Paterson’s two business districts keep budgets steady a year after big tax hikes hit commercial properties | Paterson Times

Paterson’s two business districts keep budgets steady a year after big tax hikes hit commercial properties


The city’s two special improvement districts introduced steady budgets to the city council on Tuesday night after reducing their spending by thousands of dollars last year following a massive tax hikes on commercial properties resulting from the citywide property revaluation.

The Downtown Special Improvement District submitted a $304,000 budget for 2017. Majority of the district’s budget covers personnel and marketing expenses, according to the budget document. Downtown district budgeted $150,200 for personnel and $77,100 for marketing and special events.

Executive director of the Downtown Special Improvement District Sheri Ferreira said the district kept its budget “flat” as a result of the big tax hikes commercial property owners experienced late last year.

Last year, the downtown district cut its budget by $76,000. This year, the reduced budget was maintained. Similarly, the Bunker Hill Special Improvement District reduced its budget by $9,500 last year. This year, the Bunker Hill district further reduced its budget by $9,000.

John Fressie , a member of the Bunker Hill district’s board of directors, submitted a $171,500 budget for 2017. This district’s three biggest budgeted items were $68,000 for maintenance, $52,500 for security, and $24,000 for the mayor’s wife.

“We had another successful year. We’ve been able to reduce our budget for a second year in a row,” said Freese. He claimed the Bunker Hill district which is run by mayor Jose “Joey” Torres’ wife Sonia Torres is bringing in $4 million in rateable citing expansion of Accurate Box, Kontos Food, and the redevelopment of the old Paterson Shade building.

Torres’ wife receives $24,000 from the district for her role as executive administrator. Her husband was in charge of the district before her. She was hired through the couple’s Urban Solutions LLC in 2014 when Torres gave up the position after becoming mayor.

The two expansions are occurring through New Jersey Economic Opportunity Act of 2013 which was ratified by the council and has a tax abatement clause that allows businesses to forgo paying taxes for 5-10 years on property improvements.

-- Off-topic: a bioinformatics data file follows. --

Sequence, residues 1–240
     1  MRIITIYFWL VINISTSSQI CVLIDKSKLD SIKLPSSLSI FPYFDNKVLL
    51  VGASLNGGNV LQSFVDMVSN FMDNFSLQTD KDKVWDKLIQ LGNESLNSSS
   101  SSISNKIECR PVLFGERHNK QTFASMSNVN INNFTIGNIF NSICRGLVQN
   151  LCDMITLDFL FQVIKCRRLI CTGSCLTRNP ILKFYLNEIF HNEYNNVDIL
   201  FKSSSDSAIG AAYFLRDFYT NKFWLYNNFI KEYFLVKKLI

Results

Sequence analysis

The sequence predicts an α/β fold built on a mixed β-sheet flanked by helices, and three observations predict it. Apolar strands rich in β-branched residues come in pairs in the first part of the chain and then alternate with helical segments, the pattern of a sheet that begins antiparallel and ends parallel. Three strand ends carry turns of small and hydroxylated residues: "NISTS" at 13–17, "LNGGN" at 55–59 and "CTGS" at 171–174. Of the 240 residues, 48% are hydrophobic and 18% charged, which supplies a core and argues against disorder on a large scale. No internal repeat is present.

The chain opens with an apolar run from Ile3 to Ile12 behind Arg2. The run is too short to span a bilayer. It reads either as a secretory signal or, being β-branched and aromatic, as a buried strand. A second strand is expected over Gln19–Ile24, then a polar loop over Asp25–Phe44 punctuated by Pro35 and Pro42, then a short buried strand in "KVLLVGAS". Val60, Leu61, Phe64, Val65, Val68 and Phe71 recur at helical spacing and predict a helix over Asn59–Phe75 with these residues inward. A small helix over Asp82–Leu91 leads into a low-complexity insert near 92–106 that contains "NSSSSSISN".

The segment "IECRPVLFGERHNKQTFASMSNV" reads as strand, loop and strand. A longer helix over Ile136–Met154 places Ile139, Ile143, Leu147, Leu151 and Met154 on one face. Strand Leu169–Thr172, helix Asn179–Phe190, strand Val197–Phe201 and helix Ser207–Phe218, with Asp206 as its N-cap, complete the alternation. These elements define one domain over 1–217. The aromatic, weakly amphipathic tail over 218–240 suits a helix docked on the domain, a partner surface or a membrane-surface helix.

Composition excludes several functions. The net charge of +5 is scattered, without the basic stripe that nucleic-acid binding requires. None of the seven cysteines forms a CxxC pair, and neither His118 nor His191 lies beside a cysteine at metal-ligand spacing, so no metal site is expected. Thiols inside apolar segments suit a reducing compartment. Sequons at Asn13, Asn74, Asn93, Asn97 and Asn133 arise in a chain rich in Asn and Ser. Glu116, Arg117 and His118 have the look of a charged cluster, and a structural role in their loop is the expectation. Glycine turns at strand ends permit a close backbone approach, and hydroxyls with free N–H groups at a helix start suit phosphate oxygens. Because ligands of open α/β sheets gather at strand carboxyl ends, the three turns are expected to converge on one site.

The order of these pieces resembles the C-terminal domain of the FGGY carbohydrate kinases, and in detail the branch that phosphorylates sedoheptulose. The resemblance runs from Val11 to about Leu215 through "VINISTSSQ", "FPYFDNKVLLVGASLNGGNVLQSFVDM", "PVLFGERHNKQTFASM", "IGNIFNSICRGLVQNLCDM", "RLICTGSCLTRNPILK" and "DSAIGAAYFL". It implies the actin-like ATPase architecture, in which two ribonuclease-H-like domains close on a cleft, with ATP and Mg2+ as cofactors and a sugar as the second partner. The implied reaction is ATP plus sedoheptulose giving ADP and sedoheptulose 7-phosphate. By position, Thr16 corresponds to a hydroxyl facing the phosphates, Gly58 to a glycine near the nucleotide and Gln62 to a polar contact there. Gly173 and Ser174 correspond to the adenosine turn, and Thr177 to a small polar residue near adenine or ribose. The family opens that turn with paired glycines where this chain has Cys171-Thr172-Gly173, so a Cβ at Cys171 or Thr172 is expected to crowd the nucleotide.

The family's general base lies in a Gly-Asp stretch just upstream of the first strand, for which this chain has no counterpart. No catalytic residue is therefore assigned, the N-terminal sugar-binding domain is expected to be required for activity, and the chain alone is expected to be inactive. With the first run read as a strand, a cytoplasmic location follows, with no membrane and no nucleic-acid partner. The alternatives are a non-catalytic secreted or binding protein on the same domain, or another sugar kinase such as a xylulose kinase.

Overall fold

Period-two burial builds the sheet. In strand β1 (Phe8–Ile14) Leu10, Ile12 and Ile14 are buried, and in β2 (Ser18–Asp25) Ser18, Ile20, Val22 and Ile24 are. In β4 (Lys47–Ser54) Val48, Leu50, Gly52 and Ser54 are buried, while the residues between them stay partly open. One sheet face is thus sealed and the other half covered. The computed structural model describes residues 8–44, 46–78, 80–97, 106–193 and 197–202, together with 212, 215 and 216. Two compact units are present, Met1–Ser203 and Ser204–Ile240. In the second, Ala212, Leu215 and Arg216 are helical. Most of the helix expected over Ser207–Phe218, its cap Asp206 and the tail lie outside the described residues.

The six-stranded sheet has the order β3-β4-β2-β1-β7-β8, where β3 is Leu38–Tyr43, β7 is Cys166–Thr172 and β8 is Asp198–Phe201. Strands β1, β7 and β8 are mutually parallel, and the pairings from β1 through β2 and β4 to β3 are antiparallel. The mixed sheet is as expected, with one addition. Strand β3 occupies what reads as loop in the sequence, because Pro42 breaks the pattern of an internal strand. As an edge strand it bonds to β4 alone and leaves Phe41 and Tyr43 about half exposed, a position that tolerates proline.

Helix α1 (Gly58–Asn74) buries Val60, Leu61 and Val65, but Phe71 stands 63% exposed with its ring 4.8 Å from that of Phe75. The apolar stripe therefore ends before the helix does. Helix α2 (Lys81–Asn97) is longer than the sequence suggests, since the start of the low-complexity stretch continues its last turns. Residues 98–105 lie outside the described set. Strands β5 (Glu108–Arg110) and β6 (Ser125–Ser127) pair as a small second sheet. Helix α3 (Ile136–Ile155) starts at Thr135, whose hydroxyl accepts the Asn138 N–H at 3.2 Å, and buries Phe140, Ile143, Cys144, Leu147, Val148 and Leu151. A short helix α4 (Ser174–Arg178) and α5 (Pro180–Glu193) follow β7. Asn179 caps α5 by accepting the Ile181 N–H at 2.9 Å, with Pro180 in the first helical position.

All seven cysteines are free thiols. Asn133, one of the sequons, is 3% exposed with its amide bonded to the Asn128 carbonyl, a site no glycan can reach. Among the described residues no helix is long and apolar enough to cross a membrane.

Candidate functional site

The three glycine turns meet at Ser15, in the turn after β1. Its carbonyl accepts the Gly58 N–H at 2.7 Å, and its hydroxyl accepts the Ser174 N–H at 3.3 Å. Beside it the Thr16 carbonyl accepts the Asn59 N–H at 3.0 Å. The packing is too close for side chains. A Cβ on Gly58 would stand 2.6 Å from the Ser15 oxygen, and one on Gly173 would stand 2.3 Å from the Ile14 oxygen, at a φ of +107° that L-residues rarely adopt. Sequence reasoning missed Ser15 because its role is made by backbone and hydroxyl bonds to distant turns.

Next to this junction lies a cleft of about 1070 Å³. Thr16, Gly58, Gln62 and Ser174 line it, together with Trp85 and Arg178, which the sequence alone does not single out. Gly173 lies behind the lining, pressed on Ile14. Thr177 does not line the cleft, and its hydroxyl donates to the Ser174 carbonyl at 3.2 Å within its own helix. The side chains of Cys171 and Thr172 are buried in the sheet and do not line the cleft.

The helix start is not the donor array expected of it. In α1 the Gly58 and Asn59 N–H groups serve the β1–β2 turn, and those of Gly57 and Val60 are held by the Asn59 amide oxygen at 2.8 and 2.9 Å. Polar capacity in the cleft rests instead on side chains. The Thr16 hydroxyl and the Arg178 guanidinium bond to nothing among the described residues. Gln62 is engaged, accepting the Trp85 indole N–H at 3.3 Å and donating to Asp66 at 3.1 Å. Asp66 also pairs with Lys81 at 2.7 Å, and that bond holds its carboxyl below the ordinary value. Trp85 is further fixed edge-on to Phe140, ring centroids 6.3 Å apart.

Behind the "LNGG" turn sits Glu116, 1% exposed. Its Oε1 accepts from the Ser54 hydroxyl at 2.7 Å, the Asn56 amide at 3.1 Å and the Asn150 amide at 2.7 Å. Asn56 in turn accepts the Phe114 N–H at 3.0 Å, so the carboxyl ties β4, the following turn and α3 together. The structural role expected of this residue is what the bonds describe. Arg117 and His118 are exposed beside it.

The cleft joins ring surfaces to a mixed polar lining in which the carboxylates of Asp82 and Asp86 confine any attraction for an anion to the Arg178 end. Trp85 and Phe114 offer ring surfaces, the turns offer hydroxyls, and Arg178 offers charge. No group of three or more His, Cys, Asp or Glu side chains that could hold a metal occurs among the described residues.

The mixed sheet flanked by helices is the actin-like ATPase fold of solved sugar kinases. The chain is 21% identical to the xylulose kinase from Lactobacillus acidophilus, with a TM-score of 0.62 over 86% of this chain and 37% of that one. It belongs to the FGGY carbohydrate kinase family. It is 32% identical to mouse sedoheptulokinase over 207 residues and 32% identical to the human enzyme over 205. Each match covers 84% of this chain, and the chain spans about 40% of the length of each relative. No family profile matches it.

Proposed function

Freese’s two reductions amount to less than $20,000. Michael Jackson, 1st Ward councilman, hurled the same criticism against the downtown district as last year, stating the district is not doing enough for business owners.

“This area is not producing the same type of result,” said Jackson speaking about the downtown district while citing Freese’s claims about the success of the Bunker Hill district. “The area is no cleaner than any other part of the city.” He said taxpayers, some of whose taxes tripled last year, have been complaining to him about the added assessment for the district.

Jackson wanted information about the downtown district’s employees and their job requirements. Council president William McKoy pointed out to Jackson the district is an independent entity with its own board.

The downtown district organizes several events throughout the year including an annual Fourth of July festival. It also handles sidewalk snow removal in the winter for downtown businesses, provides additional security during holiday shopping season, and has been successful in lobbying for loading zones.

Jackson last year tried to block the downtown district’s budget, but found little support among his colleagues. Some have said Jackson’s criticism of the downtown district stems from his enmity towards Jamie Dykes, business administrator for the district.

Dykes assisted Jackson in obtaining a $140,000 loan from the Paterson Restoration Corporation in 2009 for the Jacksonville Restaurant. Jackson later defaulted on the loan and filed for bankruptcy protection.

Jackson blamed Dykes and others for the default when the Paterson Times broke the news about his default two years ago while he mounted an unsuccessful campaign for an at-large council seat.

The two men have not been in the best of terms since then, according to insiders.

Jackson suggested a meeting with Ferreira. A meeting will be scheduled to discuss Jackson’s concerns, said Ferreira. The Downtown Special Improvement District is located inside the 1st Ward which is represented by Jackson.

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Correction (12/8/2016): A previous version of this report erroneously stated $24,000 was budgeted for the mayor's office when in fact it was for a position at the Bunker Hill held by the mayor's wife.

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